Victoria Azarenka beats Maria Sharapova for Bank of the West Classic title

With a powerful game, million-watt smile and sly sense of humor, Victoria Azarenka has all the tools necessary to become a force in women’s tennis — except marquee wins.

She took a step toward changing that part of the equation Sunday, dominating Maria Sharapova to win the Bank of the West Classic at Stanford’s Taube Family Tennis Stadium.

Azarenka, seeded eighth, won the final 15 points of a 6-4, 6-1 victory, which vaulted her six spots in the WTA Tour rankings to No. 12.

It was the first title of an injury-plagued season and came one day after her 21st birthday. Afterward, a beaming Azarenka was focused on a simple goal: “I want cake and ice cream,” she said. “Something besides salmon.”

Azarenka certainly earned a temporary respite from health food, and she seems poised for a few more trips down the dessert aisle.

She lost just one set all week and closed out the tournament with victories over the defending champion (Marion Bartoli), the top seed (Samantha Stosur) and a three-time Grand Slam champion (Sharapova).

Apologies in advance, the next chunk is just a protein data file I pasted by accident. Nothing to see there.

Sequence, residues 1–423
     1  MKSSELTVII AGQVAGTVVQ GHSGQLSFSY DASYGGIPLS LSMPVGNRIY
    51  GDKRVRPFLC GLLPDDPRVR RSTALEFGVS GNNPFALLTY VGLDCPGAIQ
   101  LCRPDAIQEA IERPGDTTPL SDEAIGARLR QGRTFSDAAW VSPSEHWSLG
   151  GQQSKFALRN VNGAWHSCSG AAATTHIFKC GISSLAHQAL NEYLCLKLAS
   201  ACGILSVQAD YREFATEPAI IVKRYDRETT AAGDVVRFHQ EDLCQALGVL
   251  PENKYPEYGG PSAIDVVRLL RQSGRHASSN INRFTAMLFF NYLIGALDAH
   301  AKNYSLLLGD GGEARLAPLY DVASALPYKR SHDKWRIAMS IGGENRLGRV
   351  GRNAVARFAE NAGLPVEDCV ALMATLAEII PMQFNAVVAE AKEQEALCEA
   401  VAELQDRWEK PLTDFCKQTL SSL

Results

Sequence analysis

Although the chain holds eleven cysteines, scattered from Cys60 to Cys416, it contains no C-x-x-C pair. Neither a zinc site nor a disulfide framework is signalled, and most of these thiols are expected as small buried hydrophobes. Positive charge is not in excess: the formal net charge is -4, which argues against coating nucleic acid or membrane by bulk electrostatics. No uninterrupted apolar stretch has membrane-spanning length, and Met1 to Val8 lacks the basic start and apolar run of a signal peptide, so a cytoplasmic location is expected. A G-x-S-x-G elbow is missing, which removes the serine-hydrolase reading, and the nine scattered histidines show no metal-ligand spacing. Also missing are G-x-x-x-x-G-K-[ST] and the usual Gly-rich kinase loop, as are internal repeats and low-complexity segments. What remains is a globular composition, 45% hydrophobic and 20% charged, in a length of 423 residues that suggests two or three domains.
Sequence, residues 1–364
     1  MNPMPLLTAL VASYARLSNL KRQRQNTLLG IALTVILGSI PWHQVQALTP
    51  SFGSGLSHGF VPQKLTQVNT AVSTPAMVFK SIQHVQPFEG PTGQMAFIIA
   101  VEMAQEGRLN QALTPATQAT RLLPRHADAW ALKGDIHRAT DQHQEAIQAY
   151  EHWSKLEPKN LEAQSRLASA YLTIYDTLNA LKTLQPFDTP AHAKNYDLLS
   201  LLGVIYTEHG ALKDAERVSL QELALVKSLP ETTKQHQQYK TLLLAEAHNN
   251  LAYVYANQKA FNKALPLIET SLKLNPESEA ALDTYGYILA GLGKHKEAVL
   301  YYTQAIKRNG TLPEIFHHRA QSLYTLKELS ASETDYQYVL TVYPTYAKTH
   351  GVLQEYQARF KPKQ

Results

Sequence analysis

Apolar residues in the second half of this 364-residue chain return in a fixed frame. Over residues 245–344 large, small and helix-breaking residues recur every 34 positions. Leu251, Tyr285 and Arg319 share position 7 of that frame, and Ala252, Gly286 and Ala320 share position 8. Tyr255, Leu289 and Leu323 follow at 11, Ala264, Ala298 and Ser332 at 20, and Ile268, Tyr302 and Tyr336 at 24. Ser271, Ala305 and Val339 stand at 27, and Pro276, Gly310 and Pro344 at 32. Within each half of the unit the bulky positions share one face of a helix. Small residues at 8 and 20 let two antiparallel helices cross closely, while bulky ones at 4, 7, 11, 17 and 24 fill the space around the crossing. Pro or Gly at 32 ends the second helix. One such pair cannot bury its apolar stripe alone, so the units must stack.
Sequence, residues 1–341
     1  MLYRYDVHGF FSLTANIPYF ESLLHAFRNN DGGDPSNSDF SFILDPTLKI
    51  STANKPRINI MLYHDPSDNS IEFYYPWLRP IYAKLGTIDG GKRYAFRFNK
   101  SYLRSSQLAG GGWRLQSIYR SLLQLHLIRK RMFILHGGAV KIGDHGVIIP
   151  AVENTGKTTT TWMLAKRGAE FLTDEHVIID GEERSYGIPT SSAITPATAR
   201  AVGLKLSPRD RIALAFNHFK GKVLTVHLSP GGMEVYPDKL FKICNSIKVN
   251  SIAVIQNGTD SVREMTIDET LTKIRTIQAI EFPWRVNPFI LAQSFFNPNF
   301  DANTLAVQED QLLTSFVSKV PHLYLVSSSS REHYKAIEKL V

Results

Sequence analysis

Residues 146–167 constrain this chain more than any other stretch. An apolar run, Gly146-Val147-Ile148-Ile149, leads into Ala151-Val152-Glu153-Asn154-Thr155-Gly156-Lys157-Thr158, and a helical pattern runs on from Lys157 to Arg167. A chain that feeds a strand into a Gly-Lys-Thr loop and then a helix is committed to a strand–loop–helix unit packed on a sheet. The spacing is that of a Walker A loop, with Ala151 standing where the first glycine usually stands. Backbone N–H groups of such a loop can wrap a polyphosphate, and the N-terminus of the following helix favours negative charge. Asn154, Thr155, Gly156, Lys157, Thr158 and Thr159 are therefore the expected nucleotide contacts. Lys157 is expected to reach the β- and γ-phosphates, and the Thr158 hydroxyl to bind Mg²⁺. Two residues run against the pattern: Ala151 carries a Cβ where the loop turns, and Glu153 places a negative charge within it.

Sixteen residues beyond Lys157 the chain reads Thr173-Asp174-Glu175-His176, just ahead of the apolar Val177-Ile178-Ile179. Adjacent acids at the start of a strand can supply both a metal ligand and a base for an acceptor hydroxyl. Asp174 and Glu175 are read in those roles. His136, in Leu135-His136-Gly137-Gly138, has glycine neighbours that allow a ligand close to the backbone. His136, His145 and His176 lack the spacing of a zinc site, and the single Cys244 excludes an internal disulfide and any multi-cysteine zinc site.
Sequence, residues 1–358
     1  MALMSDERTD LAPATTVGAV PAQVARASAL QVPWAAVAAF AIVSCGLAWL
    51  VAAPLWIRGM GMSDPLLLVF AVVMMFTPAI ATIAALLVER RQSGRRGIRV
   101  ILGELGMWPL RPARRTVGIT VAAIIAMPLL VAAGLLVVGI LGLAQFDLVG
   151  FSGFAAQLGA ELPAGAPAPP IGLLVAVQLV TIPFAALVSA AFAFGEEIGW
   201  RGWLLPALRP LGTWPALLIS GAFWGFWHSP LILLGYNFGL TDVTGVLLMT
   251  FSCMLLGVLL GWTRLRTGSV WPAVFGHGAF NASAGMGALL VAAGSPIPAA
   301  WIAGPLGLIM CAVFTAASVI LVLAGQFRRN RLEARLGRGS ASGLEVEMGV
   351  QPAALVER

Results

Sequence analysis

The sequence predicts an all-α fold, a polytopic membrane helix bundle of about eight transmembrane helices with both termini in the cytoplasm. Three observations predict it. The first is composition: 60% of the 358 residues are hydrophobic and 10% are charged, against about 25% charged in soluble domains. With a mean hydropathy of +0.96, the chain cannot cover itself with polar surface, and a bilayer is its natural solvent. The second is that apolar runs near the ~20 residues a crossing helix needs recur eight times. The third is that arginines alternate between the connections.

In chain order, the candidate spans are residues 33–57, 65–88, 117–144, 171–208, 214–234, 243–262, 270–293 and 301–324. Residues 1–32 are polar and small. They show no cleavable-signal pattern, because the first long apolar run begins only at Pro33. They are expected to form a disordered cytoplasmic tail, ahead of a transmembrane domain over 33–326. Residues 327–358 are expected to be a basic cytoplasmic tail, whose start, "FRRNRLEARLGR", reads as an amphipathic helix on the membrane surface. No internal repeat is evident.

When asked what a successful hard-court season would look like, Azarenka insisted that her sweet tooth won’t be satiated by her victory Sunday.

“Obviously, I want to win every single match,” the Belarusian said. “I just want to keep going the same way.”

She certainly is headed in the right direction.

Azarenka’s talent is undeniable, but she often has struggled with her mental approach in tight

spots and has had trouble closing out matches against top-flight opponents — including a loss to Sharapova last season when she gave away a 5-2 third-set lead.

The anxiety was ramped up at the end of the first set, but after wasting four set points, Azarenka finally took the set when the fifth-seeded Sharapova missed wide with a backhand.

Azarenka was shaking during the awards ceremony, but she didn’t show any nerves as the final point neared.

Already up a break in the second set, Azarenka broke at love to jump ahead 4-1. She kept the pressure on, sweeping the final two games to wrap up her fourth career title.

“I knew (Sharapova) was going to fight, so I had to be on top of her every moment and not let her come back in the second set,” Azarenka said. “It was important for me to push forward. I have a lot more weapons now.”

Sharapova’s weapons melted under the hot sun, which appeared to bother her after a week of night matches. She was inconsistent with her ball toss during service games, and she made a steady stream of unforced errors.

“I wish I played a couple more day matches, just to get a feel for a different atmosphere,” Sharapova said. “It was a bit up and down in the beginning. I was always on the defensive, and when I tried to get the ball rolling it was too late.”

Doubles final: Lindsay Davenport and Lisa Huber defeated Yung-Jan Chan and Jie Zheng 7-5, 6-7 (8) and 10-8 in a tiebreaker.

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